Oban campaigner backs Yazidi woman’s plea to First Minister
A WOMAN who survived sexual slavery by ISIS has been joined by local campaigners to ask Scotland’s First Minister and Argyll residents to help persecuted Yazidi refugees.
The Yazidis, a Kurdish-speaking people, native to Iraq and Syria and who practise an ancient religion combining Christianity, Islam and Zoroastrianism, are suffering in an ongoing genocide at the hands of fundamentalist jihadists of ‘Islamic State of Iraq and Syria’, called ISIS or Daesh.
In April, Westminster MPs voted unanimously, 278 to zero, to declare ISIS’ atrocities a genocide.
Campaigners for the global Yazidi NGO, Yazda, are calling on governments to investigate and prosecute Isis’ crimes and establish a safe zone to protect vulnerable minorities.
Their website states the genocide of August 2014 has ‘resulted in the death of 3,000-5,000 civilians, the abduction of 5,000-7,000, mostly woman and children and the displacement of 400,000 people from the Yazidi homelands.’
Last week Yazidi human rights activists Nadia Murad, 22, visited Holyrood with Yazda delegates to ask the First Minister Nicola Sturgeon to help resettle survivors of Daesh’s violence and degradation.
Earlier in November, Argyll and Bute SNP MP Brendan O’Hara also implored the UK Government to help ‘one of the most abused and vulnerable groups of people on this earth’, and to not let them simply be ‘subsumed into the greater refugee crisis’.
Mr O’Hara recounted Nadia’s first-hand testimony to the House of Commons, saying: ‘Until August 2014, Nadia lived quietly in the village of Kocho with her mother, her brothers and her sisters. Then Daesh arrived, with the sole intention of completely destroying that small community through murder, rape and kidnap.
‘Nadia told us in her own words that, ‘They used rape as the means of destruction for Yazidi women and girls, ensuring these women will never return to a normal life’.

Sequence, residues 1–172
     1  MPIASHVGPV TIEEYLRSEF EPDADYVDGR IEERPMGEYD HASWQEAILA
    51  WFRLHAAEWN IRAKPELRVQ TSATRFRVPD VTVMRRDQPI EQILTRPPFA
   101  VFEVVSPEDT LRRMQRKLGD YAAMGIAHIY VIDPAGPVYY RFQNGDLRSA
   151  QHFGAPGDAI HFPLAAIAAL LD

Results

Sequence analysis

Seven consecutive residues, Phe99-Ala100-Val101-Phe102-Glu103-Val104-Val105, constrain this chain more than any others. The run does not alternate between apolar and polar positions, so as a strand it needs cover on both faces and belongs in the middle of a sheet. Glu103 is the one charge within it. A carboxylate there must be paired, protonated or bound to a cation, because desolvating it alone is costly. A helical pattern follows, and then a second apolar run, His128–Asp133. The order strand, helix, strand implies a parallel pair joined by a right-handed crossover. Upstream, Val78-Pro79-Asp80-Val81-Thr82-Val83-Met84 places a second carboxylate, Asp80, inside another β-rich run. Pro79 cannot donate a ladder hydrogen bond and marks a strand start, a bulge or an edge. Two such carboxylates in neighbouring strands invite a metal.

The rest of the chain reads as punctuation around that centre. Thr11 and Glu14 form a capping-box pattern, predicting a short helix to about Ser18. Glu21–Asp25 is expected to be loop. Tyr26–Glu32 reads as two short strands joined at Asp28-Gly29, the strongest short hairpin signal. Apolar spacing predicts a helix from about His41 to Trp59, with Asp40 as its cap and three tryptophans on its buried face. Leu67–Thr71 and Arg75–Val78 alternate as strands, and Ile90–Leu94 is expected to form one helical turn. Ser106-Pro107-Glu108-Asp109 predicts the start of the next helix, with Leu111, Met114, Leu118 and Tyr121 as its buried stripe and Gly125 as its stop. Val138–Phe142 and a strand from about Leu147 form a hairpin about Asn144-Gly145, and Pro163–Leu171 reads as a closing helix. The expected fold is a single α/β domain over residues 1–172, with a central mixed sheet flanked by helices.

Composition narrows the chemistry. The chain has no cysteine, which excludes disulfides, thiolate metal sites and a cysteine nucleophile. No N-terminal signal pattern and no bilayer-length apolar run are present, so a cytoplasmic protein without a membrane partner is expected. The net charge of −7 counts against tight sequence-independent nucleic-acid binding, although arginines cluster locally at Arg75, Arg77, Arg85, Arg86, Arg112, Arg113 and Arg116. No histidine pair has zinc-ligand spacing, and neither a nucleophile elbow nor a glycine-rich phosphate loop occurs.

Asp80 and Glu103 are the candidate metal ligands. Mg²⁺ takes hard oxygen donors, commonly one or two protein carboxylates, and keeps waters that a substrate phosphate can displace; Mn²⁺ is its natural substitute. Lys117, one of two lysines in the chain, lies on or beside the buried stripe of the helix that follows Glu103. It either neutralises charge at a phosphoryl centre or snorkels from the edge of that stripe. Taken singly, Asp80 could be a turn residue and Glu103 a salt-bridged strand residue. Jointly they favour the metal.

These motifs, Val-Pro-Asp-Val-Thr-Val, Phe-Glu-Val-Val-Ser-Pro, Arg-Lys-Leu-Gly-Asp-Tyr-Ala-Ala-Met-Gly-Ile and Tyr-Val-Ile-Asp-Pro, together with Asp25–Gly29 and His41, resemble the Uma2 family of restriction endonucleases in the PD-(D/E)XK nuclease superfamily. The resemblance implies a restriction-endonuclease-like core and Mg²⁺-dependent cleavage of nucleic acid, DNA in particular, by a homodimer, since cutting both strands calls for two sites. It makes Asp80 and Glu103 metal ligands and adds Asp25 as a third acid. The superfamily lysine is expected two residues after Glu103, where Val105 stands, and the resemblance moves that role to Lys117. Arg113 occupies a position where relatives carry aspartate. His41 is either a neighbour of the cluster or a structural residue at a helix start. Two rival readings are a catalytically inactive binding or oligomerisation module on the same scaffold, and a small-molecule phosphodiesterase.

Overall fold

‘Days after Nadia was taken captive, she had to watch from a school building as six of her brothers were executed. She was given to a Daesh fighter. She was repeatedly tortured and raped by the man, before one night, in desperation, she tried to escape.
‘She was caught and punished. She said, about the man: ‘He beat me up, forced me to undress and put me in a room with six militants. They continued to commit crimes to my body until I became unconscious.’
‘Three months later, remarkably, and showing incredible courage, she attempted another escape. This time she was successful and is now resettled in Germany.’
Tragically, he added, Nadia’s story is far from unique.
‘Rather than hiding away from the world, she has devoted her life to highlighting the plight of the people of her community, pleading with the world not to turn its back on them. Nadia Murad is, without doubt, one of the bravest and most courageous people I have ever met or, indeed, am likely ever to meet.’
Nadia, now a UN Goodwill Ambassador, was joined in the First Minister’s office by Yazda UK board member Fiona Bennett from Ardchattan, who first contacted Mr O’Hara about the Yazidis’ plight, and locally has been raising awareness and funds for the cause.
Ms Bennett said of the humanitarian crisis: ‘There is no torture too brutal. Children are being beheaded in front of their parents. Some 3,400 women are still being held as sex slaves. They are being tortured for attempting suicide. Women are asking to be bombed because they cannot take it.
‘People need to know what these people are escaping, what they are taking their families away from. We owe it to the women who are raped and the children enslaved. I want Argyll to get behind a campaign for Yazidis and other minorities who are being tortured.’
Ms Bennett hopes more campaigners will help pressure the UK and Scottish Governments to shelter Yazidi refugees in safety in Britain.
Argyll and Bute SNP MSP Michael Russell said: ‘[ Nadia’s] campaign, backed by Fiona, is of immense importance and shows huge courage. The world needs to recognise the huge suffering of many refugees, and our duty to help them wherever they come from.’
Above: First Minister Nicola Sturgeon learned about Nadia Murad’s experiences as a survivor of human trafficking and outlined Scotland’s progress in tackling these crimes of exploitation and in supporting the victims. Right: from left, Michael Russell MSP welcomes Nadia Murad and Yazda campaigners Fiona Bennett, Anna Duncan and Ahmed Khudida.